In the last several years the moon cake business has gone from the traditional lard laden  pastry with the decidedly Chinese fillings like lotus paste and egg to ice cream versions and specialty cakes from Starbucks ( I assume these would have a distinct coffee flavor).  The  elaborate packaging has become almost as important as  the cakes themselves.

But that aside, moon cakes are the traditional treat  and must have of the Chinese Mid-Autumn Festival being celebrated this week. And it is wonderful to have so many choices of cakes from the traditional  lotus seed (蓮蓉, lían róng), red bean (豆沙, dòu shā) and 5 – Kernel (五仁, wǔ rén) flavors to the decidedly un-Chinese options of chocolate ice cream and vanilla cake. For those of us for whom this holiday is a new tradition, the choices are truly something to celebrate.

Like many traditional holiday foods, these moon cakes can spell diet trouble.  Maybe that is why we are only supposed to eat them once a year? One look at the recipe, which requires lard in the filling and the crust, and you can already tell that this is one calorie and saturated fat loaded treat.   To be fair there are recipes that have replaced the lard with oil but that is not the “tradition”.

Finding out how many calories and fat are in a moon cake is not an easy task. Depending on the filling the numbers for a 3 inch ( across the top) moon cake can range from 200 calories to 1000 calories, with most closer to 500 calories.

However in this case we really shouldn’t blame the baker for creating this potential diet disaster. Historically moon cakes were never meant to be eaten alone by one person.  The basis of the festival is a family gathering, much like a harvest festival in other cultures. The round shape of the cake symbolizes not just the moon but the togetherness of the family, a never ending bond. Moon cakes are meant to be shared with family and friends; eating wedges of cake and sipping tea or wine while gazing at the full moon.

If this is your first Mid-Autumn Festival I encourage to try the traditional moon cake, after all you are in China,  and be sure to share it with family and friends.

 

Eat Well, Live Well , Have Fun!

 

Eat Well Shanghai holds office hours by appointment twice a month at:

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St.Laurent Building, #201,7B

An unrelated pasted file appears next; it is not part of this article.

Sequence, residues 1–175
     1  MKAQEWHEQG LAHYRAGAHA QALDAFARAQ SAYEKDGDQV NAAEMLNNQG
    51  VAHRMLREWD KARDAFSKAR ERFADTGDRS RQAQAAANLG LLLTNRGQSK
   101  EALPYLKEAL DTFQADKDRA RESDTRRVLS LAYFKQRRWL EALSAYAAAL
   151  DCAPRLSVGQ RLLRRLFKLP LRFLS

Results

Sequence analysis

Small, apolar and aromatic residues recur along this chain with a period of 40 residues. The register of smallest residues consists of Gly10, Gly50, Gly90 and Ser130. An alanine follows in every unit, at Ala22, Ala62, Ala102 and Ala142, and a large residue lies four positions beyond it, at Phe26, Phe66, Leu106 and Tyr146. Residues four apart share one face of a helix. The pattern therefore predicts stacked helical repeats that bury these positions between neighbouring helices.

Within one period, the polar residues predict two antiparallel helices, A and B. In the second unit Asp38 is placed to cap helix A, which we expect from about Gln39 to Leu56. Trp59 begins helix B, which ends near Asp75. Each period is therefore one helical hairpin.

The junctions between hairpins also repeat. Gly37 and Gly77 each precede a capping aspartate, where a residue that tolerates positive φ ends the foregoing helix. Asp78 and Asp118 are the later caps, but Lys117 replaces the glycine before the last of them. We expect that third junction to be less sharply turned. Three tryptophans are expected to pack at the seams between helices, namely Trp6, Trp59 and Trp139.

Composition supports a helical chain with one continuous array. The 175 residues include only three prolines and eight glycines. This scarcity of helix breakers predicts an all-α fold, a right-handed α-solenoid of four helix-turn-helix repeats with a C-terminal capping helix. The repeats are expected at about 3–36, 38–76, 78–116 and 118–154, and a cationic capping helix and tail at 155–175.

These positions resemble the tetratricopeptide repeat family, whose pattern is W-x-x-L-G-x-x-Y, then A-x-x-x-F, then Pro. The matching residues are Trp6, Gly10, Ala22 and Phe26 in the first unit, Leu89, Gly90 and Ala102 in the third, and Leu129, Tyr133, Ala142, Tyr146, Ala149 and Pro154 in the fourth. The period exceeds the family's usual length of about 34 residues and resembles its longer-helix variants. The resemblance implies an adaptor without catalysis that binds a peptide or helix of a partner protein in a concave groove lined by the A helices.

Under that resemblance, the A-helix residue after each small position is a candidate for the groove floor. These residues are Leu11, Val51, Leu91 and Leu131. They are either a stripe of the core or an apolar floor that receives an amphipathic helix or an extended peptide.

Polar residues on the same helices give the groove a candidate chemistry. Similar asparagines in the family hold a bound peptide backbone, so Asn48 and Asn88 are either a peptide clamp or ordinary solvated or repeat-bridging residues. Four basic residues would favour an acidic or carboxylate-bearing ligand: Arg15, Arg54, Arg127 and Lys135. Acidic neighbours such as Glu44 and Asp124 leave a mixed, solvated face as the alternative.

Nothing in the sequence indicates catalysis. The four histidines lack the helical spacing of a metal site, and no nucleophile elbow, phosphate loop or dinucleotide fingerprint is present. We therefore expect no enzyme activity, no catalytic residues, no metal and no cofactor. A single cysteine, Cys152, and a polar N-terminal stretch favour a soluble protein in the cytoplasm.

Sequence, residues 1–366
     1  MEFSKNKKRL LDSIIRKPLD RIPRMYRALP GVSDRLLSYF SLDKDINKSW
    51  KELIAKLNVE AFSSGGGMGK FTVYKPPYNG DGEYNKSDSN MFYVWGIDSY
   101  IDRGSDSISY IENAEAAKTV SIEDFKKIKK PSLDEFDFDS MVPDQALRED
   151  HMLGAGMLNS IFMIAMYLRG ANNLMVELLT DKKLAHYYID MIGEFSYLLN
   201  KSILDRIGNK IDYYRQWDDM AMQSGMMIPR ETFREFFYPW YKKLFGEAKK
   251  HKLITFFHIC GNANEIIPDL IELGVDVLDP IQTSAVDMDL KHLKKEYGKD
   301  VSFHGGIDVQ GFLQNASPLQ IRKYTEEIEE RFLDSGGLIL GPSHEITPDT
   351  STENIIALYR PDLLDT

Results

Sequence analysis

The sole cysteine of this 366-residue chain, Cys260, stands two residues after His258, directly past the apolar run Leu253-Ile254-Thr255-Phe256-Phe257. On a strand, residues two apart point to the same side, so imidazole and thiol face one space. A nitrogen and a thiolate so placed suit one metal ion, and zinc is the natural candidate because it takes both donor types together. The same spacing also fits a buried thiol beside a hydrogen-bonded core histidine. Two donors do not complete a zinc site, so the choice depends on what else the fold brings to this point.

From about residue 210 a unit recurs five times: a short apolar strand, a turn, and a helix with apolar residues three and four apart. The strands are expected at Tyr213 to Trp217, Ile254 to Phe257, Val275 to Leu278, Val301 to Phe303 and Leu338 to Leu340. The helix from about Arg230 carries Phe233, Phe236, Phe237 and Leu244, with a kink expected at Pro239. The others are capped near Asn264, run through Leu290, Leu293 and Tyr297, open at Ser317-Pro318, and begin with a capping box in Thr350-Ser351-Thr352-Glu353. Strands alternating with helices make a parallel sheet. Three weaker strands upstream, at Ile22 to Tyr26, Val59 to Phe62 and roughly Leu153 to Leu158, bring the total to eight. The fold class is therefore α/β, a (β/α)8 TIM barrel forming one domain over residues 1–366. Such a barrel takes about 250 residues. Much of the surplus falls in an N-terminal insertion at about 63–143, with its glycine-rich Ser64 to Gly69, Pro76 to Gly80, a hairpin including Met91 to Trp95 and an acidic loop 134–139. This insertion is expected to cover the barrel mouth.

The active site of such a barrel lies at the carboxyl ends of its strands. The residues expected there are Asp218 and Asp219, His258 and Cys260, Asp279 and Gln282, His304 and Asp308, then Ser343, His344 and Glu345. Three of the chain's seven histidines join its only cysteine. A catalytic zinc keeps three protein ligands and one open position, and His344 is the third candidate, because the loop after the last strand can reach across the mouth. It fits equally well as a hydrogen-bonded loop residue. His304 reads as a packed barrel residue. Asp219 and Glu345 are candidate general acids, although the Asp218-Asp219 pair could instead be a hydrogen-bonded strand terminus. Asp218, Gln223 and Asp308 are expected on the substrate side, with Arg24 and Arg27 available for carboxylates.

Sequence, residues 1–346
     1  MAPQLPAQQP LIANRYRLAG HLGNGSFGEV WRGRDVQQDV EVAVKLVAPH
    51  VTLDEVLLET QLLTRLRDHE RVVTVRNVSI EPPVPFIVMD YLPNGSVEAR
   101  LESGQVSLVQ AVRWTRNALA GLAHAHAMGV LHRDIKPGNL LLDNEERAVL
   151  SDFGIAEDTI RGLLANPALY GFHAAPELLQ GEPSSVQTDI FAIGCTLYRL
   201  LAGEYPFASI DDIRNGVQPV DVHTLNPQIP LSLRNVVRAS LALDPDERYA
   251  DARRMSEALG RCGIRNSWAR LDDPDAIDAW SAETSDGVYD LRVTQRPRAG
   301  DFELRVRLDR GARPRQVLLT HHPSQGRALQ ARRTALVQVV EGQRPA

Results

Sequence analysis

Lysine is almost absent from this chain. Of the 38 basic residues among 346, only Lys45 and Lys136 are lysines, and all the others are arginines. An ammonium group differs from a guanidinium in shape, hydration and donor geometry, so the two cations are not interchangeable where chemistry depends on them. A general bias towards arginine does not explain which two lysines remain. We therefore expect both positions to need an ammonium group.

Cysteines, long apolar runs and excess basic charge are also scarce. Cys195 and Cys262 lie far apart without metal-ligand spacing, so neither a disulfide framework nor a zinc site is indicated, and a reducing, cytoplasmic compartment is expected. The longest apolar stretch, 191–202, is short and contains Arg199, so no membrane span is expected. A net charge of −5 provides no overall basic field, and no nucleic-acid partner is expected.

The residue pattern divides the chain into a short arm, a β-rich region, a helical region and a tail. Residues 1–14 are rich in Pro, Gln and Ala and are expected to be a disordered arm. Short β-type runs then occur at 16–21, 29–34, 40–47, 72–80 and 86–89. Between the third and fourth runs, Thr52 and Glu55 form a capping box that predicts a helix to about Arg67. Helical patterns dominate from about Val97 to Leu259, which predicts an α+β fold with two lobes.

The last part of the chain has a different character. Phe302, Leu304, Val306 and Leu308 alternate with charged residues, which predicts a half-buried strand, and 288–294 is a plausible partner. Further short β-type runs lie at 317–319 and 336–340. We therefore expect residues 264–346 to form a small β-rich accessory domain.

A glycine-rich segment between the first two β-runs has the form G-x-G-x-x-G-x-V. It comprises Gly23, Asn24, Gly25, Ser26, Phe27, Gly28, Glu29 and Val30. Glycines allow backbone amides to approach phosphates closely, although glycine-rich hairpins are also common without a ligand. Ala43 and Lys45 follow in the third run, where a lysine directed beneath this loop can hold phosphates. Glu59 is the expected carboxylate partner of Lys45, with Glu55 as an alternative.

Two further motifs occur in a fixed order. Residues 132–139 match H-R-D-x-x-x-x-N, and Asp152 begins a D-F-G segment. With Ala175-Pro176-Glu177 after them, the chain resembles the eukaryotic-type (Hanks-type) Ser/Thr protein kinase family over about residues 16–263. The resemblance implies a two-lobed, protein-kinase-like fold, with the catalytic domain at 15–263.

3215 Hong Mei Lu ph. 6406 3642

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Over the Moon[cakes]

Mid-Autumn Festival (中秋节), starting on 30th September, has been celebrated in China for over 1,000 years. The festival, symbolised by family reunion and the giving and recieving of mooncakes, is to celebrate the moon goddess and her quest for immortality. There is also a myth about rebels hiding secret messages inside mooncakes to uprise against their Mongol rulers.

Mooncakes are typically made of pastry wrapped around a paste. The filling and style are often influenced by the region where they are produced. These pastes include: lotus seed, sweet bean paste, five types of nuts and seeds and salted egg yolk. The paste and design of mooncakes is developing to represent modern tastes, as such an important consumer market  has developed; some of these varieties represent the influence of western culture on China.  Popular flavours include green tea, chocolate and ice cream.

It is reported however that the sales of mooncakes are declining year-on-year due to the divide between preserving cultural traditions and embracing health messages. Articles in South China Morning post report that many mooncakes are wasted; surprising given that they can be considerably expensive, some costing as much as 700RMB for 10 mooncakes.

Health warnings now seem to surround this time of year with health professionals warning that mooncakes are calorie-laden foods.

So is it time the ‘mooncake’ tradition waned?

Unfortunately,  the pastry is often made with lard and sugar syrup and the filling can have high levels of salt, sugar and fat. High levels of the type of fat present in lard can increase your risk of heart disease and salt can increase your blood pressure.  Not to mention that sugar and fat are known to increase your waistline.

So called ‘healthier’ options of mooncakes are now being produced. These are often filled with yoghurt, jelly or fat free ice cream and use vegetable fats for the pastry. Sometimes the sugar present in traditional mooncakes has been swapped for a calorie free sweetener and others have been fortified with iron or calcium to improve their nutritional content.

Sometimes ‘the gimmick’ of a reduced calorie/healthier option can be misleading and can lead people to eating a larger quantity, negating the health benefits! I think the best advice is to remember that healthy eating is about moderation. This tradition only occurs once a year, so it would be terrible to miss out.

Just remember, mooncakes do not replace meals; they are just a ‘treat’ to celebrate a much needed holiday with the family.  Traditionally they were enjoyed as a small slice with a cup of Chinese tea. Find a flavour you like and remember portion size: one small slice shouldn’t do you any harm!

Sophie Thomas, Dietitian